Queen's motto is Sapientia et Doctrina Stabilitas, which we generally translate as "Wisdom and knowledge shall be the strength of thy times." This motto is especially pertinent to you as engineers graduating today. At no time in our history has the development and use of knowledge played a more critical role in the economic development of this country. And at no time has the application of wisdom to public policy been so critical to the future of Canada and the world. Today, I want to say a few words about the challenges you will face in applying knowledge and wisdom to generate economic growth and social development.
In 1776, Adam Smith published what he called An Inquiry into the Nature and Causes of the Wealth of Nations—the first treatise on the discipline of economics as we know it today. He asked the fundamental economic question, Why do some nations grow and prosper while others do not? His basic answer was that prosperity comes through the efficient allocation of resources, through the competitive marketplace, and through the rapid accumulation of capital. And for almost two centuries thereafter most economists developed and refined these ideas within a framework in which the creation of knowledge had little or no part to play in explaining economic growth. Most economists developed models of the economy in which the state of technology was taken as a given—exogenous to the models—and hence the process of technological innovation as a determinant of growth was largely ignored by most (but not all) economists.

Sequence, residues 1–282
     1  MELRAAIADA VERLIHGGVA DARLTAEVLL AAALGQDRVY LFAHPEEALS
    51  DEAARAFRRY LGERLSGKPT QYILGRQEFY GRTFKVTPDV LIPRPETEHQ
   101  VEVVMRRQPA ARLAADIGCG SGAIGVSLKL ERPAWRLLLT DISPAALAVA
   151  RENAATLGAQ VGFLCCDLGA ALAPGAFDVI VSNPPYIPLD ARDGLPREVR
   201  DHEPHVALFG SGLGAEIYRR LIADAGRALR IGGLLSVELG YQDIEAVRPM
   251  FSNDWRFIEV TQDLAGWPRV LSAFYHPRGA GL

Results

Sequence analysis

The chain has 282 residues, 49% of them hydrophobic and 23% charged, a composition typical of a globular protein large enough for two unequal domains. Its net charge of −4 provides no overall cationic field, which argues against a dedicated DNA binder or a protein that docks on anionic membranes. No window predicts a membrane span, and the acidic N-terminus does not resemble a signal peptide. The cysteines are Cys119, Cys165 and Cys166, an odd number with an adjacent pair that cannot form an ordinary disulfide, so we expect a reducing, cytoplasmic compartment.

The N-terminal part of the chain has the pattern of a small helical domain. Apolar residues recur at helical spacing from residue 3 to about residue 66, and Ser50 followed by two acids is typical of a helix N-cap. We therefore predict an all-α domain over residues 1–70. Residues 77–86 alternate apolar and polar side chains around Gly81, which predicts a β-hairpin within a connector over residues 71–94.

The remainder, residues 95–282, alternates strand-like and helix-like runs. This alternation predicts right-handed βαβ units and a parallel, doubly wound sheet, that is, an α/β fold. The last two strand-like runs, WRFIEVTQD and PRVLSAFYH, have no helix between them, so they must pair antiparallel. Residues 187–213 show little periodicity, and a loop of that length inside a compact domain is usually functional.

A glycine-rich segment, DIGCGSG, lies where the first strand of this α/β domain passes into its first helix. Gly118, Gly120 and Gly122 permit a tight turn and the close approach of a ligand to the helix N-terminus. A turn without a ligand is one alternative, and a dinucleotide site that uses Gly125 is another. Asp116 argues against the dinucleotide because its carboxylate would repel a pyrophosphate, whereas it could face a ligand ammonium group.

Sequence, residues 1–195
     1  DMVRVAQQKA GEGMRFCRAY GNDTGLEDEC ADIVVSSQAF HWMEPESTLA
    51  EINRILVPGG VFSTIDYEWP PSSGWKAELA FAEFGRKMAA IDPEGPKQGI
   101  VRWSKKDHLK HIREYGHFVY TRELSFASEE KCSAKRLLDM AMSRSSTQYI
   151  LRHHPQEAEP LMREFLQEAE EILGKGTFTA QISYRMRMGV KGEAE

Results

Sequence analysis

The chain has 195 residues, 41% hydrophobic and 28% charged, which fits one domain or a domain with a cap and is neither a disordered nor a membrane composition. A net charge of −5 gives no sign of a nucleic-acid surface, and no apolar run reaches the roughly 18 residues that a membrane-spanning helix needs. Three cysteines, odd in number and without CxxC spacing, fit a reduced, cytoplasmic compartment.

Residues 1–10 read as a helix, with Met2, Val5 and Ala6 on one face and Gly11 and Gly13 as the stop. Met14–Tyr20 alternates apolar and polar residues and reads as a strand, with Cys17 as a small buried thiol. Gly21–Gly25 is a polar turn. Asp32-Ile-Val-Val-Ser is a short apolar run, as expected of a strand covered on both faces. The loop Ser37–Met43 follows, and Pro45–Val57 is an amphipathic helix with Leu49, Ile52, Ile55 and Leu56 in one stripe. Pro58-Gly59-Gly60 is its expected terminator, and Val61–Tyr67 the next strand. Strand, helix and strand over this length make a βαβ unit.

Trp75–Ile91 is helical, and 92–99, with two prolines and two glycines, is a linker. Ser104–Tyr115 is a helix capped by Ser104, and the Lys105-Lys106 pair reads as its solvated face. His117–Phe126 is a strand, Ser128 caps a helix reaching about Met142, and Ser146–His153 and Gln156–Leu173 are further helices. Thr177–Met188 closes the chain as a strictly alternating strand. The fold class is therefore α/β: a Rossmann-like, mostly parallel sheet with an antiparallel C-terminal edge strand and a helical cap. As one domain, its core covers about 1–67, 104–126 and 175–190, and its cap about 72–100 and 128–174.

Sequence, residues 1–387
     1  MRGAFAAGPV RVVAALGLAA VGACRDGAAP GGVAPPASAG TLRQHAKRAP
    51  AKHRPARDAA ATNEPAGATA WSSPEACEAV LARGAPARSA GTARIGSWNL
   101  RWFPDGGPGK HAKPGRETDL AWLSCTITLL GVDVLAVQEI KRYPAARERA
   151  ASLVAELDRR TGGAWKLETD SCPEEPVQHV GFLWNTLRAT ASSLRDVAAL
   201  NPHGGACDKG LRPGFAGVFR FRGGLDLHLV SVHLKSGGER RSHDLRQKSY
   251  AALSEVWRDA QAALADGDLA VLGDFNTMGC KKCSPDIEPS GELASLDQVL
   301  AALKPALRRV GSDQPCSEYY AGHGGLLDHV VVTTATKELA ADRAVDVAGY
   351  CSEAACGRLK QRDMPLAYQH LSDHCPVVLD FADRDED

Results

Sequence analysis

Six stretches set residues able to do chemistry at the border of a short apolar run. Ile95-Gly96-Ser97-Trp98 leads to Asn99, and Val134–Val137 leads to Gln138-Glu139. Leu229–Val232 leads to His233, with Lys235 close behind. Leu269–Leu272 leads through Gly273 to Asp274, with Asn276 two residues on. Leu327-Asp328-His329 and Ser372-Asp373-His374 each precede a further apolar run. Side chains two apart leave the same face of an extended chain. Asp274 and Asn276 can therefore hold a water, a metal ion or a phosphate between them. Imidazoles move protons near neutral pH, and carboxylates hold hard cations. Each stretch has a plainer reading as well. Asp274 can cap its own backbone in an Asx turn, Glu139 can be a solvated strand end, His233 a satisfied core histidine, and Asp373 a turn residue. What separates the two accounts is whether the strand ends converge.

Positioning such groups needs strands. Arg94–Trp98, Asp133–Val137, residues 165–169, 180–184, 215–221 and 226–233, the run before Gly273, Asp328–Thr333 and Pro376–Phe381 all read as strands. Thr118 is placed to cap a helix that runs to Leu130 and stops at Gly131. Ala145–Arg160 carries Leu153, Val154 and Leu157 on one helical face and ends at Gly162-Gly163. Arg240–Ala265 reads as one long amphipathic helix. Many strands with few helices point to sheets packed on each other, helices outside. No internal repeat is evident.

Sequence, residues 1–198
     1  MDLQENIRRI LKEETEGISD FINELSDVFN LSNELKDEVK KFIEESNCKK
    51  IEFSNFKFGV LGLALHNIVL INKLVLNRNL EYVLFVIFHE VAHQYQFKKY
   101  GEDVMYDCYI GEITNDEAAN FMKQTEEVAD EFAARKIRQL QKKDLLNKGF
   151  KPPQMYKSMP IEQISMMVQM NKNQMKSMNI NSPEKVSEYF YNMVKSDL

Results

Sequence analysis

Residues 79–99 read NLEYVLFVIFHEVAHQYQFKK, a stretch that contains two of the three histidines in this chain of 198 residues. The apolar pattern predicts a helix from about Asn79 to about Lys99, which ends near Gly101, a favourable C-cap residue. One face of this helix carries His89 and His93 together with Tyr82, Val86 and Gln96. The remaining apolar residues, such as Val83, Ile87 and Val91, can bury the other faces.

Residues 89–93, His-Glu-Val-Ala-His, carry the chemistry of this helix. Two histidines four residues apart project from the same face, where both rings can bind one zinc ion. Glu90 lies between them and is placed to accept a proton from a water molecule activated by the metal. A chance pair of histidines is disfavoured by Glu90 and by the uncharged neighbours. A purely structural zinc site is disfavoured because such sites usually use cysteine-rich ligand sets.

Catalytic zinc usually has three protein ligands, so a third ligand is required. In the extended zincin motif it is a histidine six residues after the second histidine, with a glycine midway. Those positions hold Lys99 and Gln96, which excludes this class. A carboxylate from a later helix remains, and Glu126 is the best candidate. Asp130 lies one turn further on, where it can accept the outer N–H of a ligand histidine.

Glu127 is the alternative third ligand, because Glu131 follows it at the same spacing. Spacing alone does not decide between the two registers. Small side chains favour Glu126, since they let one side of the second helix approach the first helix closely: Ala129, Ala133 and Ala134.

But over the last couple of decades, a new "growth economics" has emerged. It relies on models in which technological change is endogenous and, in fact, fundamental to the process of growth. (Of course, engineers have known this all along—economists are just slow learners!) Today, the emphasis of growth economics is not just on efficient allocation of resources and capital accumulation, but also on knowledge generation and diffusion and on policies that promote technological progress. Four key issues emerge:
- The role of research and knowledge creation
- The role that the efficient development and application of research can play in increasing productivity
- The role that the management of an enterprise can play in harnessing the benefits of new technology
- The role that government can play in providing the appropriate framework to encourage technological change and innovation
These are four key issues that you of the applied science class of '02 will have to deal with as you leave Queen's. Let me say a word about your challenge in each.
First: Research and knowledge creation
New knowledge is fundamental to growth. While Canadians can simply use ideas from the research of others, that won't take us to the leading edge. To lead the world, we must generate our own research. The quantity of that research is important, but even more important is the excellence of the research effort. Excellent research is, simply put, a key to strong and sustained growth. In our universities and in our private labs we must pursue the best. Your challenge is to be excellent in knowledge creation. I hope a number of you will go on to graduate school and into research and teaching and that you will always strive for excellence.